determine the blood-alcohol level from urine. Lynd agreed there are
people who would argue that urinalysis is not the best method of
determining blood-alcohol concentration. The court sustained the
prosecution's relevance objection to questions regarding the universal
acceptance of the conversion ratio for breath to blood and the fact
that about half the states do not recognize urinalysis as a legitimate
means of obtaining the blood-alcohol concentration. An objection was
sustained to the question of whether Lynd had kept abreast of any
studies regarding the strength of the analysis he utilized in testing
the urine. The court sustained an objection from defendant's counsel
of whether Lynd was aware that law enforcement officers no longer have
to [93 Cal.App.4th 768] offer a choice of urinalysis. fn. 5 Defense
counsel then began questioning Lynd regarding the assumptions that
have to be made in order to use urinalysis to convert the results back
to blood-alcohol concentration. Lynd replied "We don't have to because
we work under some rules that are found in Title 17 of the California
Code of Regulations, and they tell me I have to divide how much
alcohol I found in the urine by 1.3. That doesn't give me any choice.
It's not a concern." Defense counsel asked, "And you have to assume
that the ratio of alcohol in the blood to that in the fluid is
relatively constant over the whole general population of California."
Again the prosecution's objection was sustained. Counsel questioned
whether different states use different models. Lynd said he was not
aware of that. The court sustained an objection as to Lynd's awareness
as to the ratio used in other states. Next the court sustained an
objection to counsel's question whether the 1.3 ratio assumes that
everyone in that particular state has the same urine-to-blood ratio.
Immediately thereafter, the court sustained an objection to counsel's
question regarding different biological makeups from person to person.

Apparently frustrated with counsel's persistence in this area, the
court interjected and the following occurred:

"THE COURT: You can challenge the individual test in this case, but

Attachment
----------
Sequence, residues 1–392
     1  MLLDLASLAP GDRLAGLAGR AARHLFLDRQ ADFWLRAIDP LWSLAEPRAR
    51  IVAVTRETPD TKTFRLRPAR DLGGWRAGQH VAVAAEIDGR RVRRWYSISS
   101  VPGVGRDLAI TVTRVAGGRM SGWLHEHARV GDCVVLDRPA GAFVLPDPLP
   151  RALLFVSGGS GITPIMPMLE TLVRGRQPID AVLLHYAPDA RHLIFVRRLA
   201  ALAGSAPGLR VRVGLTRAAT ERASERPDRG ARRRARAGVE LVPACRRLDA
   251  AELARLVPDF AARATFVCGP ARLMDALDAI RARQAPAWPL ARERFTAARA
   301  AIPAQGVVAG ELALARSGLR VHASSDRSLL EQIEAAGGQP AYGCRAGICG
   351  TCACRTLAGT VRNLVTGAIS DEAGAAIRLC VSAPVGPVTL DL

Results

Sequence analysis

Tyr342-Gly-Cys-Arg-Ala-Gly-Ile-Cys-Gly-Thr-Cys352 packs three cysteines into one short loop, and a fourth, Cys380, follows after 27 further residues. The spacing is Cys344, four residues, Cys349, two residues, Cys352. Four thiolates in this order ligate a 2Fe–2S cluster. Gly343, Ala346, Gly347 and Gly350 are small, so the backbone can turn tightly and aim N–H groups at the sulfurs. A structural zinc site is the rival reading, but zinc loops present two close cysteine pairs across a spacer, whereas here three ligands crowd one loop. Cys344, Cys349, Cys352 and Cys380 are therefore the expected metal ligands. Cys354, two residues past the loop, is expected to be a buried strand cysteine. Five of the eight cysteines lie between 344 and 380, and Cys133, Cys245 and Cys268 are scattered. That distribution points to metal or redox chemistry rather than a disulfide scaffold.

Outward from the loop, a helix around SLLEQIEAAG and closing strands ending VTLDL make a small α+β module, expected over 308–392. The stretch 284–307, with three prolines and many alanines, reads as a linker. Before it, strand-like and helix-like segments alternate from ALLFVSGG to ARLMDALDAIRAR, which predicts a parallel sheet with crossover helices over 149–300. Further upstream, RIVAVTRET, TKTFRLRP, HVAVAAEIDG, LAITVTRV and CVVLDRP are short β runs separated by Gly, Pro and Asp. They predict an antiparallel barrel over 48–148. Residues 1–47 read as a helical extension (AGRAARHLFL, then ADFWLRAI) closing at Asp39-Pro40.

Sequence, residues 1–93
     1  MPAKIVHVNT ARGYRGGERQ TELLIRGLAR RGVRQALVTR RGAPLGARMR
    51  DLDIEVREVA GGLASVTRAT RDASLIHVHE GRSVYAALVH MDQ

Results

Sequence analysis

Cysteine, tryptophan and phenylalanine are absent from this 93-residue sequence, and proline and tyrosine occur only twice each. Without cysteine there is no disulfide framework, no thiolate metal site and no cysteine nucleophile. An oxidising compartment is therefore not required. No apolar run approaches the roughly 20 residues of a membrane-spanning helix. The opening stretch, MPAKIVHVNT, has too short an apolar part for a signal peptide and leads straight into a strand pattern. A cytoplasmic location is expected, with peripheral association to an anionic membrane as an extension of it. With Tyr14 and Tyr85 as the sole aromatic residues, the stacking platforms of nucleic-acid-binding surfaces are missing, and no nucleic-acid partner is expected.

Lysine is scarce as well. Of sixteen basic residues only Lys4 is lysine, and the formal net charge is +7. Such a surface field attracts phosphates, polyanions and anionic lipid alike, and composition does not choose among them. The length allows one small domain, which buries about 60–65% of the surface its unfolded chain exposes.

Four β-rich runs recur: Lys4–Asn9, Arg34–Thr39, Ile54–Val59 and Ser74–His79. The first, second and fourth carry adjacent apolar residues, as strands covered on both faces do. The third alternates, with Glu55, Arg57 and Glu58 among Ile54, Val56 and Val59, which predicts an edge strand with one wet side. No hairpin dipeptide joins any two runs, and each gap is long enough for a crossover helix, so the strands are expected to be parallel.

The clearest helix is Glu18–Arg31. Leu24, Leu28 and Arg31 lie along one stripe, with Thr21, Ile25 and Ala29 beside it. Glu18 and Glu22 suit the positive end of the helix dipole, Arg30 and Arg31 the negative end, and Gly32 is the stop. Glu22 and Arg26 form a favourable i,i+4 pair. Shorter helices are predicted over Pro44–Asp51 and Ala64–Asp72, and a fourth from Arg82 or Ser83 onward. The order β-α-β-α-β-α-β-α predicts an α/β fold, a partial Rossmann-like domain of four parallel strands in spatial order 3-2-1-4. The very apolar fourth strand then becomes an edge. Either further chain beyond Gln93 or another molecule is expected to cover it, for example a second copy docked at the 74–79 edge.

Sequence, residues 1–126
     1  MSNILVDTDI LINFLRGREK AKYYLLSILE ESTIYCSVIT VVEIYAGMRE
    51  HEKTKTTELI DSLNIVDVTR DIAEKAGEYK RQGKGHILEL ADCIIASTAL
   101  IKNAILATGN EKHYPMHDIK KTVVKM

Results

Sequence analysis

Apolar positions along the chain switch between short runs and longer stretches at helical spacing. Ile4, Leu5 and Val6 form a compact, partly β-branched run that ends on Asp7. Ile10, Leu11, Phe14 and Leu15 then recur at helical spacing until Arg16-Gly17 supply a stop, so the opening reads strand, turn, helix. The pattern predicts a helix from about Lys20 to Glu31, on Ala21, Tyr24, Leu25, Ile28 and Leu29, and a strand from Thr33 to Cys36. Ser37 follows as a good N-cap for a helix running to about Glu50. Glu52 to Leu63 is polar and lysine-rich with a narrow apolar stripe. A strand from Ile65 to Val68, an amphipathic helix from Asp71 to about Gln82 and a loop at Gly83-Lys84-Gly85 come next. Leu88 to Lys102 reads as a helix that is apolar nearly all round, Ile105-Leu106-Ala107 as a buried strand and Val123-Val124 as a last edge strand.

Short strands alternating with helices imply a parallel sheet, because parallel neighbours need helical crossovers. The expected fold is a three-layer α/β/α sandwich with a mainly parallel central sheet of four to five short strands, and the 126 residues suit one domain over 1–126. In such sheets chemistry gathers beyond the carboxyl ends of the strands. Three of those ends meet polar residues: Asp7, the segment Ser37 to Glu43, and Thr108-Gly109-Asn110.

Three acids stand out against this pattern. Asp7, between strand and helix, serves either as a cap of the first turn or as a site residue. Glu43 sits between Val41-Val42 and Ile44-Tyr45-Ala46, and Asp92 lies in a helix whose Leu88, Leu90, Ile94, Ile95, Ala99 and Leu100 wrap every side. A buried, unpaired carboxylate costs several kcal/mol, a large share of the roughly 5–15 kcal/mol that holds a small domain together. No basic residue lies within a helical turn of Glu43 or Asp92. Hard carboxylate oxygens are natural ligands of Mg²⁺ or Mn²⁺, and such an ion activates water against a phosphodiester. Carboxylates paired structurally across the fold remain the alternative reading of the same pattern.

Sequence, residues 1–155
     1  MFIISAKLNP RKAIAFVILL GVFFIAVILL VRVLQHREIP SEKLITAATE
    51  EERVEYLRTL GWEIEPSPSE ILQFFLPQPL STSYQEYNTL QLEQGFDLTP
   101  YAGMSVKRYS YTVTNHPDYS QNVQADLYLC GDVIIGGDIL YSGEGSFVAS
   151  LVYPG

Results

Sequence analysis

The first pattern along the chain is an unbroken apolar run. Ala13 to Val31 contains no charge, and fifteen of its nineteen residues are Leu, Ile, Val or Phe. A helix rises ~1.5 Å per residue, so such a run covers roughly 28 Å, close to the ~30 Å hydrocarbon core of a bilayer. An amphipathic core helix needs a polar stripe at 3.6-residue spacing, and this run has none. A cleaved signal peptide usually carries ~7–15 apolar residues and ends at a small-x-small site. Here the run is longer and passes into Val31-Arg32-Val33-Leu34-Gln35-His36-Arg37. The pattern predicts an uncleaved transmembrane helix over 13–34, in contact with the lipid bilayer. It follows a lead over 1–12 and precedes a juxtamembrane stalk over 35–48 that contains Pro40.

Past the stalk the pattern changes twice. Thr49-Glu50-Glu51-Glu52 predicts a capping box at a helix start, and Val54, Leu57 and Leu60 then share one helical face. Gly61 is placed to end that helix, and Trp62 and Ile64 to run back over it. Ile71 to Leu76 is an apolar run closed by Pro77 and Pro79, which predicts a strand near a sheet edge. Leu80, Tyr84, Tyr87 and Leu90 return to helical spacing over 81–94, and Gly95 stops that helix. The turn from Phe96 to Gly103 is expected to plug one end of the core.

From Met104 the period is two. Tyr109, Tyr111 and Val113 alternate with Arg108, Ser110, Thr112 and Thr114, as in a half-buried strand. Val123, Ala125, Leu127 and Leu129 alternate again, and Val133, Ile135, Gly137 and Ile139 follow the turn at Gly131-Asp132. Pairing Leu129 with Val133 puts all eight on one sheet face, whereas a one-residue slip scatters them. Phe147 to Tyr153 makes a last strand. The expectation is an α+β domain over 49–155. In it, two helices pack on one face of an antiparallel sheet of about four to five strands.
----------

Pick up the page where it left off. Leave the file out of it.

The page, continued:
the method of testing, that's the law in the State of California,
three methods of testing. If you want to change that, go to the
legislature.

"MR. LOPEZ [defense counsel]: There are assumptions, though, that he
is making in order to make this test.

"THE COURT: The law tells him he has to make those assumptions, right?
It's in Title 17.

"Is that what it is?

"THE WITNESS: Yes, Your Honor.

"THE COURT: Not here to litigate whether those rules are good or bad.

"MR. LOPEZ: California uses the .13 (sic) ratio.

"MS. VAUGHN [district attorney]: Same objection. [93 Cal.App.4th 769]

"THE COURT: Sustained.

"MR. LOPEZ: Q. So when you first test -- you first get a result of
what the urine alcoholic concentration is, right?

"A. Actually, no. The way it works is, when we prepare the samples for
the gas chromatograph, I tell the instrument whether it's a blood or a
urine sample. If I tell it it's a urine, it automatically divides by
this 1.3 ratio. I don't have to do anything extra.

"Q. So you don't know what it was at, urine alcoholic concentration,
you don't know what that level was?

"A. Oh, sure.

"Q. What was it?

"A. It was 1.3 times the results the instruments gave me.

"Q. Do people vary in the level -- scratch that, Your Honor. "Is it
true that the reason 1.3 was used, 1.3 to one ratio used --

"MS. VAUGHN: I am going to object to any further questions about the ratio.

"THE COURT: Sustained.

"MR. LOPEZ: Q. Does everybody have that ratio?

"MS. VAUGHN: Objection.

"THE COURT: Sustained."

Defendant was allowed to ask Lynd if someone's blood-alcohol content
would be different if his or her ratio was 1.5 instead of 1.3. Lynd
said yes, the blood-alcohol content would be lower. The court
continued to sustain objections to defense counsel's questions
regarding differing ratios.

The prosecutor began her redirect of the expert by asking him if the
testing machine in the laboratory was set to California legal
standards. Lynd replied it was. [93 Cal.App.4th 770] The district
attorney continued: "That's accepted ... as reliable scientific
evidence throughout the State of California; isn't that true?" Lynd
replied it was.

In closing argument to the jury, the district attorney argued that
defendant drove under the influence and drove with a .08 or above
blood-alcohol level. In making this determination, the district
attorney argued that the jury should consider that defendant's urine
tested .10, "tested according to California laws, California
standards."

During defense counsel's closing argument, he stated to the jury that
Lynd's estimate of defendant's blood-alcohol level was wrong and he
would tell the jury why the estimate was wrong. The following
occurred:

"You have heard -- you heard Dr. Lynd testify that urinalysis is still
in serious debate in California. There are many experts who disagree
with him. Many experts --

"THE COURT: You asked those questions. I sustained the objection.

"MS. VAUGHN: This is not the law.

"MR. LOPEZ: No, I asked him --

"THE COURT: Don't argue with me. That wasn't objected to. There is a
debate. There was a debate in the community."

The district attorney in her final argument emphasized that it was
important for the jury to remember that questions are not evidence and
if a question was objected to and the objection sustained, then it is